If you love dogs and puppies you probably spend as much time around them as possible, and no doubt enjoy learning more about all things canine related.
Whatever your level of knowledge, here are a few common dog myths de-bunked, and a few interesting facts which you may not know about man’s best friend.
1. Canine Companionship: Dogs, often referred to as “man’s best friend,” are renowned for their unwavering loyalty and companionship. Their ability to forge deep emotional bonds with humans has earned them a special place in households around the world.
2. Diversity in Breeds: The world of dogs boasts an incredible array of breeds, each with its own distinctive characteristics. From the energetic and playful Labrador Retrievers to the regal and dignified German Shepherds, the diversity in breeds caters to a wide spectrum of preferences and lifestyles.
3. Physical Characteristics: Dogs come in various shapes and sizes, ranging from the petite Chihuahua to the majestic Saint Bernard. Their coats exhibit a delightful array of colors and textures, from the sleek and shiny fur of a Dalmatian to the fluffy and dense coat of a Siberian Husky.
4. Intelligence and Trainability: Dogs are renowned for their intelligence and trainability. Whether it’s learning commands, tricks, or even more complex tasks, many breeds excel in understanding and responding to human cues. This intelligence often contributes to their roles as service animals, therapy dogs, and invaluable companions.
5. Puppies: The arrival of puppies brings an extra dose of joy to any canine-loving household. These bundles of fur exude playfulness and curiosity, exploring the world with boundless energy. Watching a litter of puppies grow and develop their unique personalities is a heartwarming experience.
6. Canine Senses: Dogs possess remarkable senses that contribute to their roles as loyal protectors and companions. Their acute sense of smell, sharp hearing, and keen eyesight make them adept at detecting changes in their environment, adding an extra layer of security to the households they inhabit.
7. Social Nature: Dogs are inherently social animals, thriving on interaction with both humans and fellow canines. Their ability to form strong bonds with family members fosters a sense of belonging and security. Regular socialization is crucial for ensuring a well-adjusted and happy canine companion.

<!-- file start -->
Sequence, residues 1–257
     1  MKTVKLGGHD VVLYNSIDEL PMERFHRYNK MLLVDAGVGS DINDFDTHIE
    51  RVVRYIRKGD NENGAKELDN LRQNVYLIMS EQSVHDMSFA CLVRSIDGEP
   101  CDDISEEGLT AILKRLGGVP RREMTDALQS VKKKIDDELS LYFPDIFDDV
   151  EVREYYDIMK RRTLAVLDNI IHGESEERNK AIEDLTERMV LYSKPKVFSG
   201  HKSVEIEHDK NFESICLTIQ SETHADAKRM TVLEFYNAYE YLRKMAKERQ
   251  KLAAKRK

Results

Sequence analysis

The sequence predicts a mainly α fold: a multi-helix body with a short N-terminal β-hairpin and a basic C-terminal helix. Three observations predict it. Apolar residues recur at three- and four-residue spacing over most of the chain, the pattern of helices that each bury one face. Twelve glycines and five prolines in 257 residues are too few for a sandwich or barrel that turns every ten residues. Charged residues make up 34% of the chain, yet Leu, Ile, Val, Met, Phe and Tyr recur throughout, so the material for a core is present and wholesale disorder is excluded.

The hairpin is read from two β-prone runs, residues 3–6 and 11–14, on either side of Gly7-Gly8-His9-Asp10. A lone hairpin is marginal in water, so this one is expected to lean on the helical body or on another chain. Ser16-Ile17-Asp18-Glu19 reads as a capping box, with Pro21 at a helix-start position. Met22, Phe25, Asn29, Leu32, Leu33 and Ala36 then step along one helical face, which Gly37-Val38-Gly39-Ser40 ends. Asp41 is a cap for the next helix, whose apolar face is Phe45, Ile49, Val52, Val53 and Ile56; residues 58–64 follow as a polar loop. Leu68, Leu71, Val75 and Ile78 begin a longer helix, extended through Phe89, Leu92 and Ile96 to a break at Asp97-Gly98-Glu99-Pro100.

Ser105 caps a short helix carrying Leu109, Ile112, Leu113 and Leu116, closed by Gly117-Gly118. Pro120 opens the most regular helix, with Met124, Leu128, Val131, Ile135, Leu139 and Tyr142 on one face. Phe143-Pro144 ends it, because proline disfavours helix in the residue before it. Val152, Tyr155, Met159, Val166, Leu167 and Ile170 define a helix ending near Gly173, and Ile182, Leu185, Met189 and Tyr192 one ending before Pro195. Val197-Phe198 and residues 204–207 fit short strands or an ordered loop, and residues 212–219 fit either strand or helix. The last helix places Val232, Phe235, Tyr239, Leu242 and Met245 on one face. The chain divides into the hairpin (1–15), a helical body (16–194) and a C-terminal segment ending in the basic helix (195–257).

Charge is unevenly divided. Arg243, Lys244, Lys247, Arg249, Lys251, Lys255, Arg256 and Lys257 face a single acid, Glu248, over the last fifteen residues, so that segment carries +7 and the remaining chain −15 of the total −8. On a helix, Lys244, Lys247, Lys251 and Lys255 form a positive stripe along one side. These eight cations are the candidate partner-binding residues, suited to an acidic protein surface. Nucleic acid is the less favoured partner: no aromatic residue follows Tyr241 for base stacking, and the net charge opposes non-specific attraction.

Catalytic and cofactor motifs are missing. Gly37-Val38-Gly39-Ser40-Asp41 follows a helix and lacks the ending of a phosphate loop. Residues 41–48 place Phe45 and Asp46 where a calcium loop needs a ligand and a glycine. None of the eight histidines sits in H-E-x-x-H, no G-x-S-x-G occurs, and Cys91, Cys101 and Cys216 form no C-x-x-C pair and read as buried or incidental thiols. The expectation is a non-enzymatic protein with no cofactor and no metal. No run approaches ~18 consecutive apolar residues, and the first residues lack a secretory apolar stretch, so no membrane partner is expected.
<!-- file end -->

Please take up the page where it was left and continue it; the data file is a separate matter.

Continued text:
8. Health and Well-being: Caring for a dog involves attention to their health and well-being. Regular exercise, a balanced diet, and veterinary care are essential components of responsible dog ownership. Understanding the specific needs of different breeds helps ensure a long and healthy life for these beloved companions.
9. Unconditional Love and Affection: Perhaps the most endearing quality of dogs is their capacity for unconditional love and affection. Whether through a wagging tail, a nuzzle, or a gentle paw, dogs have an innate ability to express and evoke love, creating a bond that transcends words.
In the grand tapestry of the animal kingdom, dogs and puppies hold a unique and cherished place. Their diversity, intelligence, and unparalleled companionship enrich the lives of those fortunate enough to share their homes with these wonderful creatures.
Read Also: Types of Wild Dogs and their Characteristics
All About Dogs and Puppies
1. All About Puppies
Out of their five senses, the first sense that develops and becomes utilised in the baby dog is that of touch.
You can get a good idea of the eventual size that your new puppy will become by looking at their feet- Large paws may take some growing into, but they’re one of the first indications of the ultimate size the dog will reach.
If your puppy bites or nips in play, you can often effectively train them out of this by saying ‘ouch!’ in a loud voice. This is a similar response to the yelps their littermates make when the same thing happens to them!
Puppies only listen to the initial syllable of a word- So if your pup is named ‘Princess Pretty Paws’ then the only part of the name that your pup will come to recognise is ‘Prin!’